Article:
The UK porn industry is in a sorry state of affairs

One of our readers asks Dear Abi: Why Are There So Many Goddamn Politicians In My Bedroom?

Dear Abi,

My partner and I have been thinking for a while that we’d like to get involved in the porn industry, probably as independent creators making and promoting our own stuff. We’re in the UK, though, and the more research I do the more I realise how difficult it is to stay on the right side of the law here. What’s with Parliament getting so involved in my sex life? Do you think it’s worth the risk, or should we give up on the idea altogether? What can we do to get some of these ridiculous bits of legislation changed to something more sane?

Yours frustratedly,

Someone who doesn’t fancy David Cameron even a tiny bit.

 

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Dear Sane and Sensible Person,

You’re not the only one asking why there are so many goddamn politicians in your bedroom all of a sudden. A few years ago I started describing this generation’s general political atmosphere as “neo-Victorian”, and this is just another way in which I think we’re falling into an ever more backward-looking and reactionary pattern.
A little backstory for our readers: just over a year ago, Parliament quietly amended the 2003 Communications Act to ensure that internet porn produced in the UK adhered to the same censorous strictures as “hard copy” porn sold offline in DVD format. They also expanded those strictures while they were at it, thereby banning a wide range of things previously enjoyed by millions - including:

  • Spanking
  • Caning
  • Aggressive whipping
  • Penetration by any object "associated with violence"
  • Physical or verbal abuse (regardless of if consensual)
  • Urolagnia (known as "water sports")
  • Role-playing as non-adults
  • Physical restraint
  • Humiliation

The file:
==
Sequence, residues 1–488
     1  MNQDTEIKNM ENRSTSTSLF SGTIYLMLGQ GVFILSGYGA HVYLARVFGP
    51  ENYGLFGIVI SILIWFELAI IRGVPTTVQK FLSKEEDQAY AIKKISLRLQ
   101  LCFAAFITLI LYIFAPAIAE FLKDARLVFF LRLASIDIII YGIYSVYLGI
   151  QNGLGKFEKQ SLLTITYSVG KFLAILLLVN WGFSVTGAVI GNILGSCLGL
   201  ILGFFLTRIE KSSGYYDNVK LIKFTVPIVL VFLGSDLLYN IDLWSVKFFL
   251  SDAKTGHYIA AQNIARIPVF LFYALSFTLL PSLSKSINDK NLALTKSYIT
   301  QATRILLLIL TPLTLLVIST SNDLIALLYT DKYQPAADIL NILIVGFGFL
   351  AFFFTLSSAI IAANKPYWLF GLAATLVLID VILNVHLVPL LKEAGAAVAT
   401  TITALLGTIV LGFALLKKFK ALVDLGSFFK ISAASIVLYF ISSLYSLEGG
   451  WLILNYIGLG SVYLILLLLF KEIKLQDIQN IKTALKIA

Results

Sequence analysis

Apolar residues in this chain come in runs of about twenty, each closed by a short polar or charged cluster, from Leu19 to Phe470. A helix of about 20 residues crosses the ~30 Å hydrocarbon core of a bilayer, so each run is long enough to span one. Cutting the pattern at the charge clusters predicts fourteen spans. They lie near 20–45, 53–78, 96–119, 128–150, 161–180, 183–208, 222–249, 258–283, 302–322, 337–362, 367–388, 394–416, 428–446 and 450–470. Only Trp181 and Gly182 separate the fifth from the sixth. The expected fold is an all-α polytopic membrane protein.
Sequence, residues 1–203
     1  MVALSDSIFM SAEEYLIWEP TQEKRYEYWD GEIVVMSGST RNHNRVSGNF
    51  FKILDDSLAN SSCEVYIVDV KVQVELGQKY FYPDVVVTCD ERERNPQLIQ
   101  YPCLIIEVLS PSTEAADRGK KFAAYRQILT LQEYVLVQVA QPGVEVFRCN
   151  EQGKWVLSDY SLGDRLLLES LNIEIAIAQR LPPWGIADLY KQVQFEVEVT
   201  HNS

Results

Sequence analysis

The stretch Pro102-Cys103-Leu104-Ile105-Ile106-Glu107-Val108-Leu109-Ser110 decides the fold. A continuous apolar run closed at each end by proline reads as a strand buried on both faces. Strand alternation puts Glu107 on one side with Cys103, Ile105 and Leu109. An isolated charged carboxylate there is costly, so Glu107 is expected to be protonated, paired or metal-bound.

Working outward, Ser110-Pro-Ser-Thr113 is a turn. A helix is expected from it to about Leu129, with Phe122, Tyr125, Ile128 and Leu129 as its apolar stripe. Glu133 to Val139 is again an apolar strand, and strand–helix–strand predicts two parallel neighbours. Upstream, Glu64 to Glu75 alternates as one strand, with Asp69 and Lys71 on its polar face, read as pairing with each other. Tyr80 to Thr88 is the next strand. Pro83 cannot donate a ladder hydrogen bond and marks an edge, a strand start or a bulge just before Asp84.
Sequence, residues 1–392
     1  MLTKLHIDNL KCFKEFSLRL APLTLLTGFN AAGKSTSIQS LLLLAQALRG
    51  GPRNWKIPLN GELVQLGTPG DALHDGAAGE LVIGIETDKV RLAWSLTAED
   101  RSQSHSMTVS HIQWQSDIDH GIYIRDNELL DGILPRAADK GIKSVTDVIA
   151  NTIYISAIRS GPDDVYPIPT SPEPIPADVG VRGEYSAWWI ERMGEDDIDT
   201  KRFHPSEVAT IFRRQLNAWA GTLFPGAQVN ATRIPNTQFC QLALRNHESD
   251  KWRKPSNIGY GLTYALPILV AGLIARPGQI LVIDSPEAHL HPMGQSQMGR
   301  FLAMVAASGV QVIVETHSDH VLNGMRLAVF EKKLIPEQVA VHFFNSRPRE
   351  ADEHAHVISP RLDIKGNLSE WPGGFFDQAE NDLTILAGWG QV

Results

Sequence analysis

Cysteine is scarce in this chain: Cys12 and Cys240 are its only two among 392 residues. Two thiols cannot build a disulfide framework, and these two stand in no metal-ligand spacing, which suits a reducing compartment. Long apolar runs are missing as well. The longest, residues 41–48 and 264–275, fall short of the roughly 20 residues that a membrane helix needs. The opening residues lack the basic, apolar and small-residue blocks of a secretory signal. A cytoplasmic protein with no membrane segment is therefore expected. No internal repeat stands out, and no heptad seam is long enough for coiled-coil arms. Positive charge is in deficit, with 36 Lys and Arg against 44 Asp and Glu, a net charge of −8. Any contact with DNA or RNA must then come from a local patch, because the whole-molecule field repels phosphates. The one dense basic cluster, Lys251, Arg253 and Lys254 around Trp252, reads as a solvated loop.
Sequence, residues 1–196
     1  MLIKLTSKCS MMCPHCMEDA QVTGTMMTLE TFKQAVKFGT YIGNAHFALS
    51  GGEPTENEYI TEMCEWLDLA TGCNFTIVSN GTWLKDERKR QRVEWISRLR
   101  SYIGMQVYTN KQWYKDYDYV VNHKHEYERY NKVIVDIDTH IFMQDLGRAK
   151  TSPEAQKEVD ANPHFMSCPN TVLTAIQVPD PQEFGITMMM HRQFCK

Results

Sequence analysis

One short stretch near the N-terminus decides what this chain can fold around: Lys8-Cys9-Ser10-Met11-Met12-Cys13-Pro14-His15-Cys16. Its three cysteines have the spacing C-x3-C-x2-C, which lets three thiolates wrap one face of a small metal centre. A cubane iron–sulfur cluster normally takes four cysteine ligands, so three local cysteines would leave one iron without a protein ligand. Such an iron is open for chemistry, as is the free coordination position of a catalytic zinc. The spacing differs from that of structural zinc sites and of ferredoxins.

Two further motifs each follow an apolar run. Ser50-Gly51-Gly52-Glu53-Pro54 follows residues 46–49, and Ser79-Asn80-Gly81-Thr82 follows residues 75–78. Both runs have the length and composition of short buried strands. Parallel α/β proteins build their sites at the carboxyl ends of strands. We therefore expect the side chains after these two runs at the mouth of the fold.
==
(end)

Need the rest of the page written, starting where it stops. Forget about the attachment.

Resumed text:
• Female ejaculation
  • Strangulation
  • Facesitting
  • Fisting

I dunno about all y’all, but that list neatly encompasses pretty much my entire sex life. Not only does it essentially make it completely illegal to produce BDSM porn of any sort (notice how they’ve covered every imaginable base by not defining ‘physical abuse’ in any way), it also seems to have a particular hate on for specifically female pleasure - they try to pass facesitting off as a “life-threatening act”, but I have yet to see even such bullshitty justification for the inclusion of female ejaculation.

Even before this it was illegal for anyone in the UK to possess what they call “extreme pornography”, a term which seems at first glance to be defined reasonably (there are arguments to be had about necrophilia and bestiality porn, for sure, but I’m not particularly bothered if it isn’t legal) until you get to the bit where they make no effort whatsoever to define “serious injury” and explicitly include anything found by a judge to be “grossly offensive”.


It’s not just in the porn industry, either

I’m going to digress from your original question a bit here, S&SP, because there’s something related to it all that I think it’s important for us to talk about. You don’t hear about this often, but kink is still a mental illness in this country.